About CTP

Act now—our CTP scheme is under threat

On 20 September 2018, the Legislative Assembly referred the Barr Government’s proposed new compulsory third party insurance (CTP) scheme, the Motor Accident Injuries Bill 2018, to the Standing Committee on Justice and Community Safety Committee for review.

Submissions are due on 12 October, and the Committee is to report back to the Assembly on 1 November 2018.

This means Canberrans have only a few weeks to have their say on this important piece of legislation.

Road users, including not only motor vehicle drivers and passengers, but also bicycle riders, motor cycle riders and pedestrians, should be deeply concerned about the changes being proposed.

The impacts of the proposed new scheme include:

  • About 90% of Canberra road users injured through no fault of their own will lose their right to fair compensation;
  • The current fair level of compensation provided to innocent road accident victims will be traded away to pay benefits to the driver who caused the accident;
  • Injured people without the assistance of specialist advice will be expected to settle disputes about their medical treatment and their capacity to work directly with well-resourced insurers;
  • Insurance companies will have an expanded role in determining when and if compensation to injured people is paid;
  • The scheme does not compel insurers to guarantee early treatment and care for injured people; and
  • Insurance companies will have far greater control over when and how much they pay out to accident victims, and they will be able to make even larger profits.

The ACT scheme is one of the fairest and most stable CTP schemes in the country. It is vital that the community send a strong message to the Barr Government that they do not want their rights to be eroded so shamefully.

We urge all Canberrans to participate in the committee process. Send your views on the Barr Government’s proposed changes to the Standing Committee on Justice and Community Safety Committee. Email the committee at lacommitteejcs@parliament.act.gov.au


The ACT’s existing CTP insurance scheme is one of the most effective in the country. It offers Canberrans injured in car accidents caused by others access to full compensation. It is also financially stable, unlike many other jurisdictions.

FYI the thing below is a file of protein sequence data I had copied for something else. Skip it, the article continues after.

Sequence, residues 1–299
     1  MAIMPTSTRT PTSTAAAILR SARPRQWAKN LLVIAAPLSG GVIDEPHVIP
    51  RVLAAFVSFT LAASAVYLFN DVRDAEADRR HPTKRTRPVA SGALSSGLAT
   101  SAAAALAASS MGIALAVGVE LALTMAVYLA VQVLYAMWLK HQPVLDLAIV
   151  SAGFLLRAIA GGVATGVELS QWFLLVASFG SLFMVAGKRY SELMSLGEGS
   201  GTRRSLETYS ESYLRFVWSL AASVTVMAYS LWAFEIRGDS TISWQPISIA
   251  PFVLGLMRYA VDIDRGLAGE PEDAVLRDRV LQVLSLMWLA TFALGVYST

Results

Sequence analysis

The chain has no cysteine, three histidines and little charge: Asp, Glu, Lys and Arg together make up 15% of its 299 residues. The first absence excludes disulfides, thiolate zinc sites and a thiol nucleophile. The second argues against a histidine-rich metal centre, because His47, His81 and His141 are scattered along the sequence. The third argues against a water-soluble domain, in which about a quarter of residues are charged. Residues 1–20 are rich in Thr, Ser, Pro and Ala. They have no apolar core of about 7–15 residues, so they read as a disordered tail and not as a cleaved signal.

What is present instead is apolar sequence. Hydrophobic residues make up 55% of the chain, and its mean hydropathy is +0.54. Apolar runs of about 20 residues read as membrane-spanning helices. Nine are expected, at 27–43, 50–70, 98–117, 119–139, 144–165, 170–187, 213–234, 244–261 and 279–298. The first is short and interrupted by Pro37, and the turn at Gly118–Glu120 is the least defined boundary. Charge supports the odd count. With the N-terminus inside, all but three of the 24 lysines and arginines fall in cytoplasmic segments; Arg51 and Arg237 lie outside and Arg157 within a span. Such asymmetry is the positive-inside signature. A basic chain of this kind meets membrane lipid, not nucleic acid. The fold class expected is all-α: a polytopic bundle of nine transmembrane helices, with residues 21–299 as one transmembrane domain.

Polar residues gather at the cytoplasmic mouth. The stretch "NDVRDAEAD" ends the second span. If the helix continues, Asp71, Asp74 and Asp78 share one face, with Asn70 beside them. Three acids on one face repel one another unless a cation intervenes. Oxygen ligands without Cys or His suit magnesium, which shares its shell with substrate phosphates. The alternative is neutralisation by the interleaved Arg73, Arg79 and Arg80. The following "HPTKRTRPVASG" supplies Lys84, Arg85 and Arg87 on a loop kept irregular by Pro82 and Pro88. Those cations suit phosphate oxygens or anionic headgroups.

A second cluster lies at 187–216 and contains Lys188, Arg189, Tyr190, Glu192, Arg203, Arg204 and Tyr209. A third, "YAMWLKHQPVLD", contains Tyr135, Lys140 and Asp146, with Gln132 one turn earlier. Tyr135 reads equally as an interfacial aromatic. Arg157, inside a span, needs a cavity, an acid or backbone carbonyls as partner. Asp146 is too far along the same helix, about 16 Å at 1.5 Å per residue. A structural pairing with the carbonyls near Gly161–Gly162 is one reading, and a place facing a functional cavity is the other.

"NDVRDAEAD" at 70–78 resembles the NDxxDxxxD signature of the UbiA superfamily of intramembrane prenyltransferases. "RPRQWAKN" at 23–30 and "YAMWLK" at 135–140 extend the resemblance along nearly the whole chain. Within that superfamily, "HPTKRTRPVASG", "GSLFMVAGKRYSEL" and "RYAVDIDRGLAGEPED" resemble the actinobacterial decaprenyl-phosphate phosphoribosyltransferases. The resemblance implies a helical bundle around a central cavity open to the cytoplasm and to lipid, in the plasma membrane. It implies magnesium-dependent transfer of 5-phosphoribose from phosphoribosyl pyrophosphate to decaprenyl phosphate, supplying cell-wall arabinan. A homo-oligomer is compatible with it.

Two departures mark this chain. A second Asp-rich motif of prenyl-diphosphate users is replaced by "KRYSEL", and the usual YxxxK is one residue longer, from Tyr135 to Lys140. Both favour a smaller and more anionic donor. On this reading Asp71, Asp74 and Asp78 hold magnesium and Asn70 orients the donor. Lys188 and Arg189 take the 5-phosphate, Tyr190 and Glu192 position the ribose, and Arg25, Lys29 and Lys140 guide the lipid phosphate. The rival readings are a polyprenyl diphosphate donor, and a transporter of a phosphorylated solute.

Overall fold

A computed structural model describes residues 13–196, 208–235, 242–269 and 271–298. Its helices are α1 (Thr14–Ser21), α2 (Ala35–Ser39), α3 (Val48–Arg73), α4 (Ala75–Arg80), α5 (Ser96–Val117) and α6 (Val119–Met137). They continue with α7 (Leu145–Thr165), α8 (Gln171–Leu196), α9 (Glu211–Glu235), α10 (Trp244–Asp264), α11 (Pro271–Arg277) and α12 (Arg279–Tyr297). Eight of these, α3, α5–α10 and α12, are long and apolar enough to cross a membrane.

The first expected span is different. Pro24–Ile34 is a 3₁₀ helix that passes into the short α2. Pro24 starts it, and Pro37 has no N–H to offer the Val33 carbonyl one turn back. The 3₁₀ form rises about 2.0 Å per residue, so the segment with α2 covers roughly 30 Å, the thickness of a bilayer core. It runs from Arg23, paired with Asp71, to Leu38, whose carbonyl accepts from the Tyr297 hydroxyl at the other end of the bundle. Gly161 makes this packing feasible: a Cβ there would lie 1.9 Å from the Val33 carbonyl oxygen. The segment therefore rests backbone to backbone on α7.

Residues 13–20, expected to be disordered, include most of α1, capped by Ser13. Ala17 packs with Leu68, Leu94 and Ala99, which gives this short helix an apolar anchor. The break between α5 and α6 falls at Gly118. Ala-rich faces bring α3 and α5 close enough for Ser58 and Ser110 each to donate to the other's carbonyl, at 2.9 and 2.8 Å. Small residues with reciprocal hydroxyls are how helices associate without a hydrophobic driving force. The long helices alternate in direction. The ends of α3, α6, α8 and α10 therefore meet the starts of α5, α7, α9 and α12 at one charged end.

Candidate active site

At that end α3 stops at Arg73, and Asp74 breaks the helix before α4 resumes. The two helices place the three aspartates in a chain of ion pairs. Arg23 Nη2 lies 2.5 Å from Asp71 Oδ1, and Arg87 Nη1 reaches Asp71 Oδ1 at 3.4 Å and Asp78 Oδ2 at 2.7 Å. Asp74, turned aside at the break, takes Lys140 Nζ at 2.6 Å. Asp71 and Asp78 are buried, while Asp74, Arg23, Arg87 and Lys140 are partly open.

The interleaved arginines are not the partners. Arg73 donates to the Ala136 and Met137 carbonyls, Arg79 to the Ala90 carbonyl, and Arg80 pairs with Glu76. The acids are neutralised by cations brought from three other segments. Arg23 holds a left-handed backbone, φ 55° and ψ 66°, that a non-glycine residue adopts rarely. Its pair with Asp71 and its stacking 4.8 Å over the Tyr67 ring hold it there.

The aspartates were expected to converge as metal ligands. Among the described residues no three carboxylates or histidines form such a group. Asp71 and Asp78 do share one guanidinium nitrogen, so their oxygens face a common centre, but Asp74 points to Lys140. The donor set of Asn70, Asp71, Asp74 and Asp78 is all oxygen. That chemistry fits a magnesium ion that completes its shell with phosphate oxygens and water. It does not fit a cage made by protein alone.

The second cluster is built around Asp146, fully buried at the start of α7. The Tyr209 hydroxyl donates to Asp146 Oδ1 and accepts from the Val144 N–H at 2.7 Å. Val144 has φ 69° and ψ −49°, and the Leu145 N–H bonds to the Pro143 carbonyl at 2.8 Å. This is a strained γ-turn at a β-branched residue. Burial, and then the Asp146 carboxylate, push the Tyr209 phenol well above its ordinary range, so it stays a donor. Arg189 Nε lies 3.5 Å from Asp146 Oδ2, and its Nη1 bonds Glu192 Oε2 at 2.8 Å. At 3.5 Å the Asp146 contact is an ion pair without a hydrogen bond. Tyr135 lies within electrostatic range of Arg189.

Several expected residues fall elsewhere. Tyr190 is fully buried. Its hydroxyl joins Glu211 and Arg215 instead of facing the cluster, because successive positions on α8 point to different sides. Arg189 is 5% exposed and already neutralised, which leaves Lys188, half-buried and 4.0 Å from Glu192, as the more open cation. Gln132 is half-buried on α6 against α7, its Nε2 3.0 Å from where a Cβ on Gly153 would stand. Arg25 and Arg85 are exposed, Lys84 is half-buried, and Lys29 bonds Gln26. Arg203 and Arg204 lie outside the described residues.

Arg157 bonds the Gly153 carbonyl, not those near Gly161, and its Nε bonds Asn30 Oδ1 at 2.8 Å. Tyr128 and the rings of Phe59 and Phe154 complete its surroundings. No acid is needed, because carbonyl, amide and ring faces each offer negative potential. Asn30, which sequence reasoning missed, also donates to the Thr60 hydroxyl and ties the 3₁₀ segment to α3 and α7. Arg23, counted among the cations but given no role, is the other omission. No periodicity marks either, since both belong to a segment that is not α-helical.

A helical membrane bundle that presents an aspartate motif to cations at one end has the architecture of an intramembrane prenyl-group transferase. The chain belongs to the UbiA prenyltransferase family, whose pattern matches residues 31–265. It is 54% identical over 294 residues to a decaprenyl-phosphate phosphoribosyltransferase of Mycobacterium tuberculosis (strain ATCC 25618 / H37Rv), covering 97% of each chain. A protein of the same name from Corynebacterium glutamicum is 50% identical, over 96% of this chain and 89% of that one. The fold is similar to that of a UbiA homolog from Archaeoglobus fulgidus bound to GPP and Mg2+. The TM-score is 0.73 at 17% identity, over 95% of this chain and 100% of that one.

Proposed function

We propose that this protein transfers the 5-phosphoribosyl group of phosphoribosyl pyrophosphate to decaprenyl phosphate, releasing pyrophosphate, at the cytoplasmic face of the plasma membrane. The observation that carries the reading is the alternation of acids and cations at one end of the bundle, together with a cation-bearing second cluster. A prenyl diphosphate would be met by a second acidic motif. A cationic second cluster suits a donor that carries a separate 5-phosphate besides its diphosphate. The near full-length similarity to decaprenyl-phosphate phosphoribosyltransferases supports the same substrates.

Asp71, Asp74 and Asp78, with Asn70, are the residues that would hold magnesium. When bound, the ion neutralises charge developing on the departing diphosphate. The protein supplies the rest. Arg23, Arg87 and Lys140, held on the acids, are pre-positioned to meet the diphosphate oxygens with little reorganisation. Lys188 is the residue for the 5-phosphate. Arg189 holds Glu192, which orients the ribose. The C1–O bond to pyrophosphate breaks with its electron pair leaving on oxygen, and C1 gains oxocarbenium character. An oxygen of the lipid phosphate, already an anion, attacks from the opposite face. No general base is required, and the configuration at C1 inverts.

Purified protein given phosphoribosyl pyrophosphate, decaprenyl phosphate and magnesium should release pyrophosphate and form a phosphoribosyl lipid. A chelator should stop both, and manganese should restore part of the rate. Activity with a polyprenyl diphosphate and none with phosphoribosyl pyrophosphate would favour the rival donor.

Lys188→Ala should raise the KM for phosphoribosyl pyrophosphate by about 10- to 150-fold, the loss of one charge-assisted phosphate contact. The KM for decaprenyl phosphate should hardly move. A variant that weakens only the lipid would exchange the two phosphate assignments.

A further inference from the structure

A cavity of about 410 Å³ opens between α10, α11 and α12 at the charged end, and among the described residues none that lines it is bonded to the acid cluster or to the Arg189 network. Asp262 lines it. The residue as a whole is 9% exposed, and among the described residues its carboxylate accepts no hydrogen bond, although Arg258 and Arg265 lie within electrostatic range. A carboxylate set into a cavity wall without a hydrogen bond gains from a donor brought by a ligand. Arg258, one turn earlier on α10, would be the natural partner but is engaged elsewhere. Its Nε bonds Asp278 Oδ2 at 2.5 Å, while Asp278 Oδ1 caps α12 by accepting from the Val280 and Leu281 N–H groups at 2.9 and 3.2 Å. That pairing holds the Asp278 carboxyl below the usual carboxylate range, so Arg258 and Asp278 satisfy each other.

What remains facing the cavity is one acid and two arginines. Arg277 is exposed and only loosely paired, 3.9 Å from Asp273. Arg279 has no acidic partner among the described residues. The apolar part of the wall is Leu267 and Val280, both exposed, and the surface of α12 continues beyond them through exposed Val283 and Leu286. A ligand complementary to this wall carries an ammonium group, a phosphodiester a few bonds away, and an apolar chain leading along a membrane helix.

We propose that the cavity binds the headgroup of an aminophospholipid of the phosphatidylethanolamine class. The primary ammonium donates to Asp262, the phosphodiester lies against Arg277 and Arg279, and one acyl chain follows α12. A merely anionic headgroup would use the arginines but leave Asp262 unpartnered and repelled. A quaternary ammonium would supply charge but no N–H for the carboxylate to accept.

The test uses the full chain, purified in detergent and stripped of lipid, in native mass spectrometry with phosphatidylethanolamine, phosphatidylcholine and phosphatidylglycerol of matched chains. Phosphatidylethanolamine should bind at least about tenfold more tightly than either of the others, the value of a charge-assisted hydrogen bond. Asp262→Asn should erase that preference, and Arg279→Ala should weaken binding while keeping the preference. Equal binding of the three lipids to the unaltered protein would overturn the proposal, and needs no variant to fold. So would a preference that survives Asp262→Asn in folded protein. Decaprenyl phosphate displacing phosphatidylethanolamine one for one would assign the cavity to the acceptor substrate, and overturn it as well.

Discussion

In March 2018, as part of the pilot citizens’ jury process, 39 unaccountable people with little or no experience of what it is to be injured in a car accident in the ACT, ‘voted’ to dismantle the ACT’s existing CTP insurance scheme. The Barr Government is now seeking to implement this new scheme.

We are dismayed at the scheme changes proposed by the pilot citizens’ jury, and fearful for the negative impact it will have on injured people in the future if enacted.

The jury has advocated for universal coverage – that is, extending CTP insurance coverage beyond those injured through the negligence of others to include those who caused the accident in the first place. Few would disagree with universal coverage, but real issues of fairness arise when the compensation payable to those injured by others is arbitrarily cut to pay for the benefits to be extended to the at-fault drivers.

The introduction of legislated thresholds will allow some injured people to access compensation on the basis that the government considers them sufficiently injured. Other seriously injured people will be deemed as not sufficiently injured, and so will receive limited compensation.

The imposition of these thresholds will prevent about 90% of people injured through the negligence of others from pursuing a common law claim to compensate them fully for their injuries. Instead, those injured people, now considered ‘not seriously injured’, will have to rely on ‘defined’ (limited) treatment, care and income replacement benefits which will be available for a specified period of time.